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17 [The teachings of Clement had formed the minor morals of Christians, See vol. ii. book ii. pp. 237, 284.]

18 [Thus is reflected the teaching of St. Paul, 1 Tim. v. 2. All women to be honoured, and "all purity" to characterize society with them.]

19 Col. iv. 6.

20 2 Cor. xi. 19.

21 Mark xi. 25.

22 Rom. xvi. 20.

23 [Blessed spirit of primitive piety! Is not this rule too much relaxed in our own Laodicean age?]

24 Phil. iv. 7. [How much there is in this letter which ought to prick the consciences of wealthy and "fashionable" Christians of our day!]

1 [Another glorious product of the school of Alexandria.]

2 Apol. contr. Ruf., book i. num. 9, Works, ii. p. 465.

3 Proprii operis nihil omnino scripsit, exceptis epistolis quas ad amicos forte mittebat; in tantum se humilitate dejecerat.

1 In Eusebius, Hist. Eccles., viii. 10.

2 Phil. ii. 6-8.

3 xristofo/roi. So Ignatius of Antioch was called qeofo/roj, God-bearer. [Vol. i. pp. 45, 49, this series.]

4 1 John iv. 18.

5 culoij. What is meant, however, may be the instrument called by the Romans equuleus, a kind of rack in the shape of a horse, commonly used in taking the evidence of slaves.

6 magga/noij tisi/.

7 The text gives a@munthri/oij e0ko/lazon, for which Nicephorus reads a0munthrioij ta\j kola/seij. The a0munthria were probably the Latin ungulae, an instrument of torture like claws. So Rufinus understands the phrase.

8 h0gemw/n. That is probably the Roman Praefectus Augustalis.

9 th=j e0para/tou e0leuqeri/aj.

10 [It is impossible to accept modern theories of the inconsiderable number of the primitive martyrs, in view of the abounding evidences of a chronic and continuous persecution always evidenced by even these fragments of authentic history. See vol. iv. p. 125.]

11 Exod. xxii. 20.

12 Exod. xx. 3.

13 Eusebius, after quoting these passages, adds:-"These are the words of a true philosopher, and one who was no less a lover of God than of wisdom, which, before the final sentence of his judge, and while he lay yet in prison, he addressed to the brethren in his church, at once to represent to them in what condition he was himself, and to exhort them to maintain steadfastly, even after his speedy death, their piety towards Christ."-Tr.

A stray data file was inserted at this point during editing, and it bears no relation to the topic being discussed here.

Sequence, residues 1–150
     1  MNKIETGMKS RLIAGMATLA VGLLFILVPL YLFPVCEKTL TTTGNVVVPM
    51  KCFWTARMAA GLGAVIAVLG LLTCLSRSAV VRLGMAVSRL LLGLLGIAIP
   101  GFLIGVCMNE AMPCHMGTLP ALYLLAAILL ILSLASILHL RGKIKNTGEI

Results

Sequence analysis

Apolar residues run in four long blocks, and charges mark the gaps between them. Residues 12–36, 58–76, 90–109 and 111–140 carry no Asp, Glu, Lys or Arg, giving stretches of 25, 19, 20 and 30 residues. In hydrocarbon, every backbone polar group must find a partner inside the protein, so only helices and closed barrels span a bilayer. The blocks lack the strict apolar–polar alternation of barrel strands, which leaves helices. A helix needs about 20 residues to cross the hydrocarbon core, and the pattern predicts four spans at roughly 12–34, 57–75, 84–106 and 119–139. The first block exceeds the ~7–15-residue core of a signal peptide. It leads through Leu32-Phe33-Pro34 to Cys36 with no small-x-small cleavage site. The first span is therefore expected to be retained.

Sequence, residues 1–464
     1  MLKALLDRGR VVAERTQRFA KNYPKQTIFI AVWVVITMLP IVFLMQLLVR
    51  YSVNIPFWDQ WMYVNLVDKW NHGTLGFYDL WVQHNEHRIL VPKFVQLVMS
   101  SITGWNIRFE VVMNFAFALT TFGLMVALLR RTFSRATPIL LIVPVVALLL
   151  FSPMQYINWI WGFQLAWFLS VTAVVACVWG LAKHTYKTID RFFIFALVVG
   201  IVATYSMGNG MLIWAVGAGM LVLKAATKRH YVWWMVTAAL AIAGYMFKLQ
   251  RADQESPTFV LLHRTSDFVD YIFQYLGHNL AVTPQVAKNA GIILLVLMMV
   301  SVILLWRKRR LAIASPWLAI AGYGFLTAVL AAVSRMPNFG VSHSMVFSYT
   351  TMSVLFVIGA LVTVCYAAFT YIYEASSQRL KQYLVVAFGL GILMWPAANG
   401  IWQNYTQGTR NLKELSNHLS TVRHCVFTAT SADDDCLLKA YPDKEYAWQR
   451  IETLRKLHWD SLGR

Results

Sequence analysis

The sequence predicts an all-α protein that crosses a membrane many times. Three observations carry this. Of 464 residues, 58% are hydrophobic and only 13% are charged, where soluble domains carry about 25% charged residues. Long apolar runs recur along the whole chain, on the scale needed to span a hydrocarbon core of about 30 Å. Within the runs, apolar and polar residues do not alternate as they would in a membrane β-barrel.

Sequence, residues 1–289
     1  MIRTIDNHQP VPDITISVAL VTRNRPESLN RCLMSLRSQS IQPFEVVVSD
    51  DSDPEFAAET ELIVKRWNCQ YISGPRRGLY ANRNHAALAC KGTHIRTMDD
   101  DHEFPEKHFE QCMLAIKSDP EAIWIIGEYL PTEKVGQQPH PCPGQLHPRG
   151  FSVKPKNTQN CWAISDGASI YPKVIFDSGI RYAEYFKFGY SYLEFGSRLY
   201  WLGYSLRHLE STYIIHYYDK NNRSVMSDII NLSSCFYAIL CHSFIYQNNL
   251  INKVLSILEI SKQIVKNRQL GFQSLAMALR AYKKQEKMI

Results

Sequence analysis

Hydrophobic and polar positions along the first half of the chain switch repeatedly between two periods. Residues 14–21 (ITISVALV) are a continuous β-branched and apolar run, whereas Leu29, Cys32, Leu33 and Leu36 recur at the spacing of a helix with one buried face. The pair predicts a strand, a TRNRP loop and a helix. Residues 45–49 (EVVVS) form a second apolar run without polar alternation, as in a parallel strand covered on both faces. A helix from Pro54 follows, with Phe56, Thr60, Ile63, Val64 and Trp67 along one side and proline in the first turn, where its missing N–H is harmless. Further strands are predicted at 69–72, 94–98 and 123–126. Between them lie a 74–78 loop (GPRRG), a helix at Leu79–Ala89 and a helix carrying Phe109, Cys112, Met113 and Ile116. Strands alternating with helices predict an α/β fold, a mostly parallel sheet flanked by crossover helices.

1 This epistle was first edited by Scipio Maffeius from an ancient Verona manuscript in the Osserv. Letter, vol. iii. pp. 11-17, where is given the Fragment of a History of the Meletian Schism. See Neander's important remarks on this whole document, Church History, iii. p. 310 (Bohn).-Tr.

2 Zelo meliorum.

3 [Parishes = dioceses (so called now); but they were very small territorially, and every city had its "bishop." See Bingham, book ix. cap. 2, and Euseb., book v. cap. 23. Comp. note 1, p. 106, supra]

4 Bene nimis magna.

5 [The bishops of Alexandria are called popes to this day, and were so from the beginning. See vol. v. p. 154.]

6 [Peter succeeded Theonas as sixteenth bishop and primate of Alexandria. See vol. iv. p. 384; also Neale, Pat of Alex., i. p. 90.]

7 Oportuerat ex populo properare ac nos exigere pro merito.

8 Sub arguente.

9 The manuscript reads chrismata, for which schismata is proposed.

10 Provisoris-perhaps rather, The Provider-the saint who with careful forethought has mapped out our proper course in such matters.

11 1 Tim. v. 22.

12 Erga illum providentiam.

13 The manuscript gives ordinando adnuntias, for which is proposed ordinandi. Adnuntiamus.

14 Reading studeas for studetur.

15 Cupiditatem.

16 Ut cogniscatur concupiscentia Meletii.

17 The text is-Commendans ei occasionem Meletius, separavit eos, &c.; on which see especially Neander, iii. p. 311 (Bohn).

18 This epistle is given elsewhere. [This volume, infra]

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